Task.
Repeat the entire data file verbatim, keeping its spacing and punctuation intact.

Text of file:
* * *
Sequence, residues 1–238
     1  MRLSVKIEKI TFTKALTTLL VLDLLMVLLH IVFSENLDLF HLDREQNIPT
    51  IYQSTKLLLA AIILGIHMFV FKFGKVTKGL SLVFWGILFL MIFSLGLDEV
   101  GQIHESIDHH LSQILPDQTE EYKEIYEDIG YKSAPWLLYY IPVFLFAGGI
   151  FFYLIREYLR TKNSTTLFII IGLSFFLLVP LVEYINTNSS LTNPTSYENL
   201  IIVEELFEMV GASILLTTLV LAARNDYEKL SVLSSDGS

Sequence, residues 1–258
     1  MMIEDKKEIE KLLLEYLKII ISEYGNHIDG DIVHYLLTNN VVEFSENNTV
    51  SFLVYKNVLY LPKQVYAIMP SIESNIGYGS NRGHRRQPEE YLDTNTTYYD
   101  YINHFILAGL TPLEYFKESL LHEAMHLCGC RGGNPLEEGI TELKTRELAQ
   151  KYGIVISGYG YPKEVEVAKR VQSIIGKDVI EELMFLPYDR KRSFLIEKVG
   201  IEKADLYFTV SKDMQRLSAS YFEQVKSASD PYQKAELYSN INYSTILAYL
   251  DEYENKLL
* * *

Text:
Sequence, residues 1–238
     1  MRLSVKIEKI TFTKALTTLL VLDLLMVLLH IVFSENLDLF HLDREQNIPT
    51  IYQSTKLLLA AIILGIHMFV FKFGKVTKGL SLVFWGILFL MIFSLGLDEV
   101  GQIHESIDHH LSQILPDQTE EYKEIYEDIG YKSAPWLLYY IPVFLFAGGI
   151  FFYLIREYLR TKNSTTLFII IGLSFFLLVP LVEYINTNSS LTNPTSYENL
   201  IIVEELFEMV GASILLTTLV LAARNDYEKL SVLSSDGS

Sequence, residues 1–258
     1  MMIEDKKEIE KLLLEYLKII ISEYGNHIDG DIVHYLLTNN VVEFSENNTV
    51  SFLVYKNVLY LPKQVYAIMP SIESNIGYGS NRGHRRQPEE YLDTNTTYYD
   101  YINHFILAGL TPLEYFKESL LHEAMHLCGC RGGNPLEEGI TELKTRELAQ
   151  KYGIVISGYG YPKEVEVAKR VQSIIGKDVI EELMFLPYDR KRSFLIEKVG
   201  IEKADLYFTV SKDMQRLSAS YFEQVKSASD PYQKAELYSN INYSTILAYL
   251  DEYENKLL